On August 6, 2020, the Trump administration issued an executive order on banning any transactions involving the use of WeChat in the US, alongside popular video-sharing app TikTok. Details were light on the type of transactions.
This comes amid growing national security concerns of US on Tencent-owned WeChat for capturing personal information of residents using the app.
WeChat is a messaging, social media and electronic payment application, widely used in China as well as Chinese living overseas.
While WeChat’s native app in China can be used to pay bills, transferring money, online shopping, as well as having a chat function, the application outside China is mostly a communication tool, without the payment options. Although some overseas WeChat users use it to pay for items purchased in other countries either through an official cross border e-commerce platform or through a private shopper (Daigou).
According to Jeff Crowther, executive director of the Health Products Association – China (HPA-China), not many people use WeChat in the US.
“Except Chinese citizens living here, Chinese tourists, and people doing business in China. Most Americans don’t even know what WeChat is.”
According to the US Census Bureau, there were around 4.5 million Chinese Americans living in the US in 2018.
Crowther told NutraIngredients-Asia it was too early to tell if there would be any impact of the ban on supplement companies.
The Trump administration has given 45 days from the issue date of the executive order for the ban to take effect. However, it remains unclear what “transactions” will be banned, which can include financial, advertising and communication.
In terms of financial transactions involving business payments, for US companies with businesses in China, Crowther said it was unlikely the ban would impact them since they operate on the WeChat app in China itself, rather than operating the app in US.
“I don’t think it (the ban) would affect (them) much. The only risk will be when a consumer makes a purchase on WeChat in China, the transaction is in RMB, which will then be converted to USD or to the local currency. (Even then) I don’t think that will be affected because it is a separate money transaction.”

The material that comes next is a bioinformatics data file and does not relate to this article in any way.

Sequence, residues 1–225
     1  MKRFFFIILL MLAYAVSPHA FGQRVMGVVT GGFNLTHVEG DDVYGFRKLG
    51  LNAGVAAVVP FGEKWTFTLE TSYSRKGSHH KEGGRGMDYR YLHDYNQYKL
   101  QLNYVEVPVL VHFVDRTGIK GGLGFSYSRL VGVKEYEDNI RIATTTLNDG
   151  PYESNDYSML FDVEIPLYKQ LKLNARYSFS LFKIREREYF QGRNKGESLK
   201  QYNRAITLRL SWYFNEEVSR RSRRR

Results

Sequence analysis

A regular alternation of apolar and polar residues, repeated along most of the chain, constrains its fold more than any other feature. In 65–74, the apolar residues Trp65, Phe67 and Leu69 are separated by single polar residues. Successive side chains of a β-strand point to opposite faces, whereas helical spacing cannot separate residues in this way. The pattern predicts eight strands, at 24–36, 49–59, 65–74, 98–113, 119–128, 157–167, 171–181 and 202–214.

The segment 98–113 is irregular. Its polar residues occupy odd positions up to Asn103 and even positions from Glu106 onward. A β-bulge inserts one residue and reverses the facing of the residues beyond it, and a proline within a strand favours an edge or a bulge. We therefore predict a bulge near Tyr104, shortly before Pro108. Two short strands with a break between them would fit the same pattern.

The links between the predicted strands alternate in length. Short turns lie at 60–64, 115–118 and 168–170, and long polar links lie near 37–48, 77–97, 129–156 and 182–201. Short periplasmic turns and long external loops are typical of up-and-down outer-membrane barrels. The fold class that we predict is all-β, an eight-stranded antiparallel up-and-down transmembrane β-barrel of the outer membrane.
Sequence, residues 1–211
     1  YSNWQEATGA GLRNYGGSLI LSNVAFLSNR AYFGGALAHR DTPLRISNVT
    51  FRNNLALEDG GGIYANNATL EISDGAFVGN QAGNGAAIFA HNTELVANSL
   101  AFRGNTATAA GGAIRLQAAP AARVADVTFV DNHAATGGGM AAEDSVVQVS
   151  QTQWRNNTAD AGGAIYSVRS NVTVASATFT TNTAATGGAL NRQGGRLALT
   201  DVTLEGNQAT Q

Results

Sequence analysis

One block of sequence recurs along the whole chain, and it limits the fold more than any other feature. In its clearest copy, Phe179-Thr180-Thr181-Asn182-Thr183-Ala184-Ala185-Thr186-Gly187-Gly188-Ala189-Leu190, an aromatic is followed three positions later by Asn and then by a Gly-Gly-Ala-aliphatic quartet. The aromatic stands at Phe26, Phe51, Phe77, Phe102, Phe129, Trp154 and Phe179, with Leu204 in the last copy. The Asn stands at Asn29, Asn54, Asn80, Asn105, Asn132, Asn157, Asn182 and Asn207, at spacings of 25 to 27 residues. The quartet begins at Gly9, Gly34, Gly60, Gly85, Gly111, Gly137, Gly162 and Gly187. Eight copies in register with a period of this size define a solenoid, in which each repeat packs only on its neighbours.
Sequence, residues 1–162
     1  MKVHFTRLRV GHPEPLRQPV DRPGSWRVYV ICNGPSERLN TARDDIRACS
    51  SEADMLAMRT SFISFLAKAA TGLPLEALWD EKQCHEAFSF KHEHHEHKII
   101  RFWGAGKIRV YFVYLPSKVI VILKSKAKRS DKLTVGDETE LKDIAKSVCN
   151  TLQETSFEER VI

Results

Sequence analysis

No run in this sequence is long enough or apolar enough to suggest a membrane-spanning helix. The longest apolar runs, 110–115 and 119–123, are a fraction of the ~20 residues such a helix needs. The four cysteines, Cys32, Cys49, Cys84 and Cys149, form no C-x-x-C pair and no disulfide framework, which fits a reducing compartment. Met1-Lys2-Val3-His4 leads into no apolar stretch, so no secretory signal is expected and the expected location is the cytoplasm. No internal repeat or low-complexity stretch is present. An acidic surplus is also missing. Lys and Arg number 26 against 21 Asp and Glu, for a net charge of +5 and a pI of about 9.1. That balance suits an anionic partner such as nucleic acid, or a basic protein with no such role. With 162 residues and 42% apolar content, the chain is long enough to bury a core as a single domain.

In addition, Crowther said most of its members that operate in China use a variety of channels including Tmall, Taobao and JD for sales. While some of its members use WeChat for social media selling, the app is typically not the main channel for sales.
However, he was quick to add that other social media platforms such as Little Red Book and Douyin (also known as TikTok) were getting more popular now, and capitalising on social selling.
Crowther said the biggest effect of the ban would be for Chinese people living in the US, who use the app mainly for communication purposes, exchanging photos and videos, as well as for sending money.
Even then, he added that if the ban were to be imposed, people would find ways of using VPNs to get access to WeChat if they wanted to.
As of now, he said: “We can only speculate what may or may not happen because it is just an executive order.”
In the US, there have been many petitions across various channels from official US government sites to Change.org to stop the US from banning WeChat.
On whitehouse.gov, a petition has received around 62,000 signatures, falling short of the 100,000 needed for the Whitehouse to make an official response.
On Change.org, another petition has drawn 19,000 signatures, of the 25,000 expected.
This executive order comes after India’s government recent ban on almost 60 Chinese apps including WeChat and TikTok.